My January diet and detox – anything to stay in the middle class

9 January 2014

3:20 PM

9 January 2014

3:20 PM

Like many of you folks out there, I’m currently engaged in the thinly-disguised admission of alcoholism that is ‘Dry January’. I’m also on a diet, and this week have eaten what looked like two shrivelled gonads for lunch, (they were boiled potatoes, I think) and yesterday a ‘salad’. The goal is to be down to Class I Obese by the summer.

The diet means no white bread, no pasta (white pasta but I don’t recognise brown pasta as such) and most of all no sugar, which is now thought to account for a large number of deaths from heart disease. The Telegraph’s Tom Chivers makes the perfectly sensible, if thoughtcrimey, point that it’s reasonable to make some laws restricting our consumption because we don’t all have the same power of impulse control: ‘We are not equally “free”. And addiction and compulsion are obstacles to our freedom.’


Indeed, although the same could be said of a range of issues relating to the permissive society; progressive education, sexual freedom, reduced prison sentences, the liberalisation of gambling and drinking laws, plus the proliferation of payday lenders, all of which have a disproportionately harmful effect on the poor, who tend to have lower levels of impulse control.

But does poverty damage your ability to control yourself or does lack of control and judgment lead to poverty? That seems to be a clear case of one of those things where people have invested a lot of their worldview in believing it must be all of one, when it’s most likely a mixture of the two. Life is one big drinking game – the more you lose, the harder it is to win.

It’s harder still when the ruling dogma, a secular heresy of Christianity, refuses to recognise the disadvantages people have been born with not just in their circumstances but with their minds. (As with intelligence, it also suits those blessed with better impulse control to pretend that their advantage is entirely due to nurture.)

Anyway, that’s the only thing keeping me going; heart disease and Type-2 diabetes I could handle, but dropping out of the middle class really would be the end.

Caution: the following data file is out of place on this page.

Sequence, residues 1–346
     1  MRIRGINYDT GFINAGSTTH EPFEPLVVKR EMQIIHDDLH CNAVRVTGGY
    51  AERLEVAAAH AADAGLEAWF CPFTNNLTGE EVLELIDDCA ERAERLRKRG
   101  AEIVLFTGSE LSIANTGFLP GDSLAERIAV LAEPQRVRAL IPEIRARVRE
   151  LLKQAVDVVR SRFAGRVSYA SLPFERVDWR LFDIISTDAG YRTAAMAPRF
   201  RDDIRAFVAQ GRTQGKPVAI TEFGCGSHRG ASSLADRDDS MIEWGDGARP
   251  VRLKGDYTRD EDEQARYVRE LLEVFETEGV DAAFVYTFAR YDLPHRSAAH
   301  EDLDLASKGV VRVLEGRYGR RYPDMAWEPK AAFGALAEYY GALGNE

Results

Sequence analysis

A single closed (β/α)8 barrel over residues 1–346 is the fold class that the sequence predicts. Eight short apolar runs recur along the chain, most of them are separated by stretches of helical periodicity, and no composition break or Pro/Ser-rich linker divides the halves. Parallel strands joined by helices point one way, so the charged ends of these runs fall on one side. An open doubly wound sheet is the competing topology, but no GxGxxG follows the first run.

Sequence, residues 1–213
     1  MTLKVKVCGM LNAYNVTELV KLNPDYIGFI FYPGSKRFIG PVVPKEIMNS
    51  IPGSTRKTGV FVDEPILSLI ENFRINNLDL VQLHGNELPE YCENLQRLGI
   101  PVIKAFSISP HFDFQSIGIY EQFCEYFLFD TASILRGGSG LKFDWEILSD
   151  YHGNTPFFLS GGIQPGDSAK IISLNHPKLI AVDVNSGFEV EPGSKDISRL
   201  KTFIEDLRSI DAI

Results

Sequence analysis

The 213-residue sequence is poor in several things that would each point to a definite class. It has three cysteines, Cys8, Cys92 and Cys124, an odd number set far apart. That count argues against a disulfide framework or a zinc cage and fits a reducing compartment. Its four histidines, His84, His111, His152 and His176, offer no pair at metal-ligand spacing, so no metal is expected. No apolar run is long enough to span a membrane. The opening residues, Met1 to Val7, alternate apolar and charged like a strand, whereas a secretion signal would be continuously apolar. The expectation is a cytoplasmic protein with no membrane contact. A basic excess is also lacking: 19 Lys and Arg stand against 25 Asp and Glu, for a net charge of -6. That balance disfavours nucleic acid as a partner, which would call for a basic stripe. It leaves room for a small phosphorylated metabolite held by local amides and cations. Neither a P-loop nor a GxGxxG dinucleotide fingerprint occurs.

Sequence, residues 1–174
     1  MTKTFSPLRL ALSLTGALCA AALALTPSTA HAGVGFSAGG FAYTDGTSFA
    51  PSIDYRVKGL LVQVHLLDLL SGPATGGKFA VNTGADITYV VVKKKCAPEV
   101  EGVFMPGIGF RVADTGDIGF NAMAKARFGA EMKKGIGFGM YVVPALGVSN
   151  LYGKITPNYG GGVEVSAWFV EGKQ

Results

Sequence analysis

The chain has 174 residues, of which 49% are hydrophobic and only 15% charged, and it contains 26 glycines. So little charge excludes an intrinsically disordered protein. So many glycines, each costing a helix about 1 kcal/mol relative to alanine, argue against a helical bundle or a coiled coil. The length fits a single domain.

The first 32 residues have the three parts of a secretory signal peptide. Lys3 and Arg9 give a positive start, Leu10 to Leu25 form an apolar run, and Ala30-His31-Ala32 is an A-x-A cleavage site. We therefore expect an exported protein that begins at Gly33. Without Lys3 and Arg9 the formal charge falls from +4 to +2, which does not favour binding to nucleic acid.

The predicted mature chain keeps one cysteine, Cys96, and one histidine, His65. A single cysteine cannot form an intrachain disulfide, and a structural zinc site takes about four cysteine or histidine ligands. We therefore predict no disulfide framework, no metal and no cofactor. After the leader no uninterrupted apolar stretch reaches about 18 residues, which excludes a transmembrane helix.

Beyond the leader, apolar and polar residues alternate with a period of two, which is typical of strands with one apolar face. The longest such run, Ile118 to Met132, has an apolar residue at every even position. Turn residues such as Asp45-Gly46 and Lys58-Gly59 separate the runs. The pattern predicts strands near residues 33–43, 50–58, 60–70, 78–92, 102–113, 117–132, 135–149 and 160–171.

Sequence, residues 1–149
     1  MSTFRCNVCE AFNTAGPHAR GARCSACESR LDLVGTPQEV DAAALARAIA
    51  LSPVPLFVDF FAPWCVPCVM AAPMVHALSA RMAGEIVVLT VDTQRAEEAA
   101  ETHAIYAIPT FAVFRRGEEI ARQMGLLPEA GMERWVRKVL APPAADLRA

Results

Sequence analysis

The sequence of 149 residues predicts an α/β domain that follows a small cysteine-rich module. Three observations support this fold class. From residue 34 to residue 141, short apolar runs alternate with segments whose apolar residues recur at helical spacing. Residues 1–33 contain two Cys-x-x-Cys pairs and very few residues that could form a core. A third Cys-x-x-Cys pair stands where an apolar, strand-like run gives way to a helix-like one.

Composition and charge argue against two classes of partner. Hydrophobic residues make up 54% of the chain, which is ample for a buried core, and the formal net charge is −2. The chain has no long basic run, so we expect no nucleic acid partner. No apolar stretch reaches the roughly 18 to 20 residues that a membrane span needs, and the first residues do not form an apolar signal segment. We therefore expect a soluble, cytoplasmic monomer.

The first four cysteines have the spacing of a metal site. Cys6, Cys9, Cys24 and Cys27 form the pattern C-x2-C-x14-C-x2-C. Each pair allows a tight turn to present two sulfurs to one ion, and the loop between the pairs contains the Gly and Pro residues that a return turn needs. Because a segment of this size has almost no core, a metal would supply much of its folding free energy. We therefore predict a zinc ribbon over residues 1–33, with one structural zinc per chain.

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Show comments
  • madasafish

    I recommend yoga classes. Bending down to touch your toes gives you an incentive to reduce your waistline – so you can see your toes..let alone touch them.

    Dieting on its own is a waste of time if your metabolism is used to a life of transport and sitting. And if you exercise enough, you can get to a stage where you can eat what you like..

  • Daniel Maris

    May I recommend my own steak and muffin diet.

    Muffin with proper butter – only 150 calories but very satisfying for those who crave fat and mouthfeel. You’re allowed 4 of those in day, eaten singly, whenever you get peckish = 600 calories

    Breakfast: slice of bacon, egg and tomato with (small) slice of toast. = 350 calories

    Lunch: Slice of cheese, tomato and salad (no dressing – just a drop of mayonnaise). Eat it with knife and fork (good psychology) = 250 calories

    Dinner: (not too large) steak, mushrooms and salad = 350 calories

    Whenever: Choc bar = 250 calories

    1800 calories – for a man who exercises moderately, that’s 700 short of their daily allowance. So you should definitely lose some weight.

    • HJ777

      Not exactly healthy, is it?

      No fruit, not a lot of veg, not much fibre.

      I have a very sedentary occupation, but I exercise hard (required for my sport) most days and eat a sensible diet (I also consume alcohol most days and have a liking for chocolate and crisps). Result: not overweight.

      • Andy

        Chocolate is the food of the God’s !

        • John Border

          And good punctuation is the mark of the educated!

  • CharlietheChump

    Ice cream, crisps and Guinness. Best diet ever.

    • The Red Bladder

      Substitute pickled eggs for the ice cream and you will never, ever suffer the curse of trapped wind. The other huge advantage is that you can consume the lot in the establishments where the boring health fanatics, vegetarians and preaching harpies never go!

  • Swanky

    Valuable point, Ed. Poverty can’t be eradicated any more than sporting accidents, drowning, or illness. It’s a fact of life, partly because of factors beyond human control, and partly because poor reasoners have a hard time pulling themselves out of it. If, indeed, they even try.

    The best help for poverty — a proven remedy throughout the world — is capitalism.

    Life is one big drinking game – the more you lose, the harder it is to win. Very true.